Reporters on the ground in Kabul said that an entire family of nine people, including six children, was wiped out in this drone attack, only the latest example of indiscriminate warfare by American imperialism against the people of Afghanistan.

The drone missile strike in Kabul was the second attack inside Afghanistan acknowledged by US commanders since the Thursday bombing at the airport. On Friday, a drone missile struck a vehicle in Jalalabad, the eastern city that is the gateway between Afghanistan and Pakistan. US officials said two ISIS-K leaders were killed, described as a “planner” and a “facilitator,” although they conceded that neither had anything directly to do with the Kabul bombing.

Meanwhile intensive diplomatic activity continues between the US government, its major allies, and the Taliban. A statement issued Sunday by 98 countries, including the US, Britain and France, announced an agreement with the Taliban to continue permitting Afghan citizens to leave the country without hindrance after August 31, when the last US troops are set to leave and the Kabul airport is to revert to Afghan control.

“We have received assurances from the Taliban that all foreign nationals and any Afghan citizen with travel authorization from our countries will be allowed to proceed in a safe and orderly manner to points of departure and travel outside the country,” the statement said.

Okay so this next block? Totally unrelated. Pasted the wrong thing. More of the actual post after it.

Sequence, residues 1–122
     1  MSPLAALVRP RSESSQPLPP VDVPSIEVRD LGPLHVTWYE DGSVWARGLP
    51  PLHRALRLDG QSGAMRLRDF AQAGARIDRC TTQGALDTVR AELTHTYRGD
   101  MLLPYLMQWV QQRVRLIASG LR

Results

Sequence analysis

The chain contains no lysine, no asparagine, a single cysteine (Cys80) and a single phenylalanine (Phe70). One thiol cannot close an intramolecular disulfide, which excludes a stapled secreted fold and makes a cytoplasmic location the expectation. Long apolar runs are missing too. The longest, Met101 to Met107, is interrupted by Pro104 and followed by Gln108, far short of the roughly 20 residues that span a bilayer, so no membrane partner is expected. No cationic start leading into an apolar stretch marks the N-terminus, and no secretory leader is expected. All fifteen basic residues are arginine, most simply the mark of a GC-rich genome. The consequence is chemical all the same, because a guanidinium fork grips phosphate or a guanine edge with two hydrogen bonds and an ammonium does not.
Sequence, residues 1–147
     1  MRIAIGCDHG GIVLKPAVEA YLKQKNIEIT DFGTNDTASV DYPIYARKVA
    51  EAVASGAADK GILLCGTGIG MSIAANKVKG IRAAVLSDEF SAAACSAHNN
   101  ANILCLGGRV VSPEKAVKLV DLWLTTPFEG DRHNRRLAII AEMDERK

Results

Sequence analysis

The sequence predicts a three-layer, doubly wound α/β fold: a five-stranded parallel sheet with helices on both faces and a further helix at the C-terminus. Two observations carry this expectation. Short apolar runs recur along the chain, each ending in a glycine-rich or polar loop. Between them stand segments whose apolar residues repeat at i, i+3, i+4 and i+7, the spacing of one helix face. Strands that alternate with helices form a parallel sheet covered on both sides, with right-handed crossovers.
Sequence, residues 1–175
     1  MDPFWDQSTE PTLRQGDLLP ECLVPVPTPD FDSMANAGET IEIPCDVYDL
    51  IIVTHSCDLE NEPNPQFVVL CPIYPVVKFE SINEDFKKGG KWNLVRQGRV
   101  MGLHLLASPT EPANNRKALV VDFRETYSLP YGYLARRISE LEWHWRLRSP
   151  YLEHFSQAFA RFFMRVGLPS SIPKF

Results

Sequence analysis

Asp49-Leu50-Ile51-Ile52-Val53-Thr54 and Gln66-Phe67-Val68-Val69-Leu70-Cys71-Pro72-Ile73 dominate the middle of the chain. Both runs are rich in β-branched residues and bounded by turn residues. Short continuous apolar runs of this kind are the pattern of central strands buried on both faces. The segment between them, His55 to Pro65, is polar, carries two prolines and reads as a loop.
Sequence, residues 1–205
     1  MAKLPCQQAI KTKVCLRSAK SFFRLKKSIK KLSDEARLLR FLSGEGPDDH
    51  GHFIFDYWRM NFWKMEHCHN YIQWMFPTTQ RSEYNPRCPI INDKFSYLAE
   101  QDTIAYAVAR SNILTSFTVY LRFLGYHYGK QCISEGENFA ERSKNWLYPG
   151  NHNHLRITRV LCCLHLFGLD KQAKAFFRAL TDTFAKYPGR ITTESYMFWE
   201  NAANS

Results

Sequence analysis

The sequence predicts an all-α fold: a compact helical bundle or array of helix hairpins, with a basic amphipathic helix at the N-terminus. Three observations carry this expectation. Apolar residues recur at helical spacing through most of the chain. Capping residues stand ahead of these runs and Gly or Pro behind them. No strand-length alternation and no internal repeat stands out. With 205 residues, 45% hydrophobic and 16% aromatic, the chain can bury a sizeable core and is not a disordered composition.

“We will continue issuing travel documentation to designated Afghans, and we have the clear expectation of and commitment from the Taliban that they can travel to our respective countries. We note the public statements of the Taliban confirming this understanding.”

The statement only underscores the extent of the defeat suffered by the major imperialist powers in Afghanistan. The Islamist militia which they ousted from power 20 years ago, and which reputedly held only the periphery of the country six months ago, has now consolidated its grip on every major city, including Kabul, with its population of five million.

Sher Mohammad Abbas Stanikzai, a Taliban leader and deputy to Mullah Abdul Ghani Baradar, issued a video message Saturday urging Afghans to let the US complete its withdrawal and promising that the new regime will not prevent Afghan citizens from leaving the country after August 31 if they wish to do so, including by using the Kabul airport.

The United Nations Security Council is to meet on Monday and will reportedly take up a joint French-British resolution seeking the establishment of a UN-supervised zone in Kabul where Afghan citizens opposed to the new regime can find shelter and make arrangements to leave the country. It is nearly certain that the Taliban would oppose such an effort as a violation of the national sovereignty of Afghanistan.

While the Taliban has offered to allow the United States to maintain a diplomatic mission in the Afghan capital, the Biden administration appears to have rejected that, although a State Department spokesman said Friday that the administration was “actively discussing” the request. All US diplomats in Kabul are at the airport and are expected to leave by Tuesday along with the remaining US troops.